Has Every Believer received the Holy Spirit?

It is quite clear from John 7: 39 that before the Lord’s death, when He was here on earth, believers had not then received the Holy Spirit and that neither had He then taken up a permanent residence within them. It is equally clear from the same verse that the divine intention was that after the Lord was glorified, they should receive the Spirit. However, the question we face is, has every believer got the Holy Spirit now?

   Where shall we find an answer to such a question? Shall our spiritual experiences, (or the lack of them), provide the answer? Some claim that until a believer has the experience of speaking with tongues, he has not received the Holy Spirit. Indeed they say that speaking with tongues is
the divinely given evidence that a believer has received the gift of the Spirit quoting Acts 10: 45, 46 as proof! Yet is this so? Is experience the proof? Experience is a very unreliable yardstick. Suppose I speak with the tongues of men and of angels, but my so doing is not God–given, (and it does not have to be), then where is the proof? Where is the certainty in the matter? There is only one way to answer this question with absolute, unshakeable certainty, and that is from the Word of God. My answer must come from the Bible.

   In the early days of Christianity we read of Peter preaching “Repent, and be baptised, each one of you, in the name of Jesus Christ, for remission of sins, and ye will receive the gift of the Holy Spirit”, (Acts 2: 38). Now according to this verse there are two essential things required before the gift of the Spirit is received. One is repentance and the other is baptism. Reading a little further on in Acts 8: 15, 16 I find Peter and John sent down from Jerusalem to Samaria where they “prayed for them that they might receive [the] Holy Spirit; for he was not yet fallen upon any of them, only they were baptised to the name of the Lord Jesus”. This time, although they had received the Word of God
and had been baptised, it was not enough: the apostles, must lay their hands upon them before the Holy Spirit could be received. Further on in Acts 19: 1–7, a similar incident is recorded in which the question of the apostle Paul “Did ye receive [the] Holy Spirit when ye had believed?” clearly shows another group of disciples who had believed but had not as yet received the Holy Spirit.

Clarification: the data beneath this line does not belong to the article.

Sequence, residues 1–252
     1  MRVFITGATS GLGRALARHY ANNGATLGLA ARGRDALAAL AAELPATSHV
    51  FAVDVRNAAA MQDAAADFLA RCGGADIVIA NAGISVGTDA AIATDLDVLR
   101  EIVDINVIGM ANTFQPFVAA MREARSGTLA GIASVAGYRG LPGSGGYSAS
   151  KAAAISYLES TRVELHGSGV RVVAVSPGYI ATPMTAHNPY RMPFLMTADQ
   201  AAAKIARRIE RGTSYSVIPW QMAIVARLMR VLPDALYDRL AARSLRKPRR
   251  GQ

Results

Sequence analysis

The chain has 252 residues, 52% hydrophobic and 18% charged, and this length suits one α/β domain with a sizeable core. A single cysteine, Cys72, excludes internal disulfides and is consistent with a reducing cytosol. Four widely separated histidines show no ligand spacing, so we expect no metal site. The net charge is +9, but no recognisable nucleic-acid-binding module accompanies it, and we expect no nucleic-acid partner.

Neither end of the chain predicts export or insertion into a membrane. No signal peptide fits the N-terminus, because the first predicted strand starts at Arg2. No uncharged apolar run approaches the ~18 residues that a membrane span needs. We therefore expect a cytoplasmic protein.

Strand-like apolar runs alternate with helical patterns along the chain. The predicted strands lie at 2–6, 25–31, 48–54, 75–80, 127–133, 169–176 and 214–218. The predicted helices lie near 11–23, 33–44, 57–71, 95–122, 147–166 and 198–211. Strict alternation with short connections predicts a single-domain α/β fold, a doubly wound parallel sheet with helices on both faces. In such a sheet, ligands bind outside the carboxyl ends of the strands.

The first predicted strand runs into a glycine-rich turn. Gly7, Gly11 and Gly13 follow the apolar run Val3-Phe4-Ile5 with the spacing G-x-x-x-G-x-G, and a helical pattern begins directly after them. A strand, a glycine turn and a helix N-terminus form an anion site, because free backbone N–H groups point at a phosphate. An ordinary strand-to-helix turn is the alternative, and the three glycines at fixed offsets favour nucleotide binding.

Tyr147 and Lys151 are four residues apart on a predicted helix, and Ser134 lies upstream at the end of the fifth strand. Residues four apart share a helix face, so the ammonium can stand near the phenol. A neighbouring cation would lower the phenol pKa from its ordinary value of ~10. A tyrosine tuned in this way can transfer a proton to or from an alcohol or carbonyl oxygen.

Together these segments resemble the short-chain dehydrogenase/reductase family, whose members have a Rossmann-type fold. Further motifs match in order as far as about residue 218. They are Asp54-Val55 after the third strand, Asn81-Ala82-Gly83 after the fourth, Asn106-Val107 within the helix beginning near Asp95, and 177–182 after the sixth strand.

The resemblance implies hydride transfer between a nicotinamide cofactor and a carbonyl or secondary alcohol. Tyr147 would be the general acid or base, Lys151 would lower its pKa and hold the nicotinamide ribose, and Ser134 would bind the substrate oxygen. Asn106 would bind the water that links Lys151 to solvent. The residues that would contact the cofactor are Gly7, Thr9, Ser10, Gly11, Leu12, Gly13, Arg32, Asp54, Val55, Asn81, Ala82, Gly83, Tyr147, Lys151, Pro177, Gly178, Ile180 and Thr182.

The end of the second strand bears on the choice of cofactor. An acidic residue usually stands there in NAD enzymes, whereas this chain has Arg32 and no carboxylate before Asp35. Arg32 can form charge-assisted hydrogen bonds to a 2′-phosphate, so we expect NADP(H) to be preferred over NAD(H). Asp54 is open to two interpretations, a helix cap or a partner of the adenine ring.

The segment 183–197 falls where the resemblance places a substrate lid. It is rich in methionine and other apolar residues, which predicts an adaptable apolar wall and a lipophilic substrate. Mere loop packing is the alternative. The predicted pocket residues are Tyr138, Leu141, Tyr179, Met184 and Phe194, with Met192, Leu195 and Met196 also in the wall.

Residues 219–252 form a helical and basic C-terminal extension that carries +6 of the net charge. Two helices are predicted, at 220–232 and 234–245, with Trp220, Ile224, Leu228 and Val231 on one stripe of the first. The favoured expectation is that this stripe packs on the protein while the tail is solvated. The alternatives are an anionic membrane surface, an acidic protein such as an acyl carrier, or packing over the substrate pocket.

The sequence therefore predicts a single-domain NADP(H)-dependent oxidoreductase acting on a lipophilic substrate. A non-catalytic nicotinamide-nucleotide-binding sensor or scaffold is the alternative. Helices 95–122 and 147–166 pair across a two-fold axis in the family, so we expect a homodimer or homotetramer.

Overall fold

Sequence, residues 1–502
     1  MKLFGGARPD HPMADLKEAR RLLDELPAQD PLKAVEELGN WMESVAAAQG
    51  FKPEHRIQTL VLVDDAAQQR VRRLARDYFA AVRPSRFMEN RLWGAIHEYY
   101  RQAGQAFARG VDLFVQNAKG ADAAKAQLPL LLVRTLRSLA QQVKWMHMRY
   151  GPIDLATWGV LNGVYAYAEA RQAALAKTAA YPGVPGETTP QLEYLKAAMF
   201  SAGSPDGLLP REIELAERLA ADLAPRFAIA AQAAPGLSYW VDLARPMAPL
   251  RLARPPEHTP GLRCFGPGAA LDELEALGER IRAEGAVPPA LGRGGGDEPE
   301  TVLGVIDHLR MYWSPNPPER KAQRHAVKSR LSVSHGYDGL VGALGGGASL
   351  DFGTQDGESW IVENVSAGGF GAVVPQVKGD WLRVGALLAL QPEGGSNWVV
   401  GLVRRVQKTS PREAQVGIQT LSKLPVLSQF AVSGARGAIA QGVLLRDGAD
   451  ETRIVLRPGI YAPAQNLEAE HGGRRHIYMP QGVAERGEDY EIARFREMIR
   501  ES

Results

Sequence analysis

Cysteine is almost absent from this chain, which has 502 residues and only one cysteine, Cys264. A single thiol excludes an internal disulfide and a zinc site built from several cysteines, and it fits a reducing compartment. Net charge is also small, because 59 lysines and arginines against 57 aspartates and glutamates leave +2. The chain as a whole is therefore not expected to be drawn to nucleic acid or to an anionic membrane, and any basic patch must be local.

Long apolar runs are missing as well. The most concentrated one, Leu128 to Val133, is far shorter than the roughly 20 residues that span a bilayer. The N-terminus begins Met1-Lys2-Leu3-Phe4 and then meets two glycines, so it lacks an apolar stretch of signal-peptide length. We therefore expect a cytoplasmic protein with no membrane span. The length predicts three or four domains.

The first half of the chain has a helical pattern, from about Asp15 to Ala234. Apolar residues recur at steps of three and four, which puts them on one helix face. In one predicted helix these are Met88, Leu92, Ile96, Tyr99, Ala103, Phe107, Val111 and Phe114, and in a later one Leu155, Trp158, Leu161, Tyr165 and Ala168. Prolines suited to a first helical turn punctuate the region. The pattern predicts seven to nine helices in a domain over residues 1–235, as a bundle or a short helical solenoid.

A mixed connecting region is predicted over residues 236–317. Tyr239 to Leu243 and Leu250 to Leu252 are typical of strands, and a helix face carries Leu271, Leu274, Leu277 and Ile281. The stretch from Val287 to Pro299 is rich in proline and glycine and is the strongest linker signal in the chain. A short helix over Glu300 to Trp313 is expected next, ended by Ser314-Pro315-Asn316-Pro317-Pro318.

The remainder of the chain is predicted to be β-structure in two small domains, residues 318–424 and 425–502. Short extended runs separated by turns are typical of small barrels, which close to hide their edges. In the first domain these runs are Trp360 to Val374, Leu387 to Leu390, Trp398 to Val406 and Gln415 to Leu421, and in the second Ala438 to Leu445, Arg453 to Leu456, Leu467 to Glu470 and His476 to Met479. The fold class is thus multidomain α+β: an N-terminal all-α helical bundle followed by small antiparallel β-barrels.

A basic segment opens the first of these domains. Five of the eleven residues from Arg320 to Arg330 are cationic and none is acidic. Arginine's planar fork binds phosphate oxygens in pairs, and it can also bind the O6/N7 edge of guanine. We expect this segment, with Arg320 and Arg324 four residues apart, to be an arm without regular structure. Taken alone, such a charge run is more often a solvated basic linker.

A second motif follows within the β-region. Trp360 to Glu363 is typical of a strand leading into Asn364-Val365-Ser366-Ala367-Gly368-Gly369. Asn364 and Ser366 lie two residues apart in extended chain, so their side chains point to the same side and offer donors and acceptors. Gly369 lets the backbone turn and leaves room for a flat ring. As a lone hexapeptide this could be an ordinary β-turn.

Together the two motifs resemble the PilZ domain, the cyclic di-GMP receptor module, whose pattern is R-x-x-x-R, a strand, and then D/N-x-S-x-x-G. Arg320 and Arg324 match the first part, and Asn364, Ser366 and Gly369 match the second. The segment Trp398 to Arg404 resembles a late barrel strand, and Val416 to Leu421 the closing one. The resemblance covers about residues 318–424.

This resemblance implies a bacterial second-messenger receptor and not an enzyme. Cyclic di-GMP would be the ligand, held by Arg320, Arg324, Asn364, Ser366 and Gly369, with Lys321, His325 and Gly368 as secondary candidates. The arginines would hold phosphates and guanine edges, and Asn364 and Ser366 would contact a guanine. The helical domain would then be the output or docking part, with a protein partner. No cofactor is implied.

From the incidents quoted above it might seem that not only are there many believers who have not got the Holy Spirit, but that in order to secure this gift they must repent, believe, be baptised, and be identified with an apostle by the laying on of hands! However if I look in Acts 10: 44 I read a different story: “While Peter was yet speaking these words the Holy Spirit fell upon all those who were hearing the word”. Here the Holy Spirit was received before baptism and without any laying on of hands! Well, if I am now uncertain as to where I stand, perhaps I should ask for this gift as the Lord instructed some in Luke 11: 13: “How much rather shall the Father who is of heaven give [the] Holy Spirit to them that ask him?”.

   If the above seems confusing, it is not surprising! We must not merely notice what is said in Scripture, but to
whom it is said. It is of paramount importance to cut “in a straight line the word of truth”, (2 Tim. 2: 15). We must not just pick out a verse or two here and there without any reference to the context. We must notice not only what God says, but to whom God says it.

   Let us pursue this important point in more detail. In the four Gospels, for example, the Lord Jesus said many things to His disciples. Some things were said to them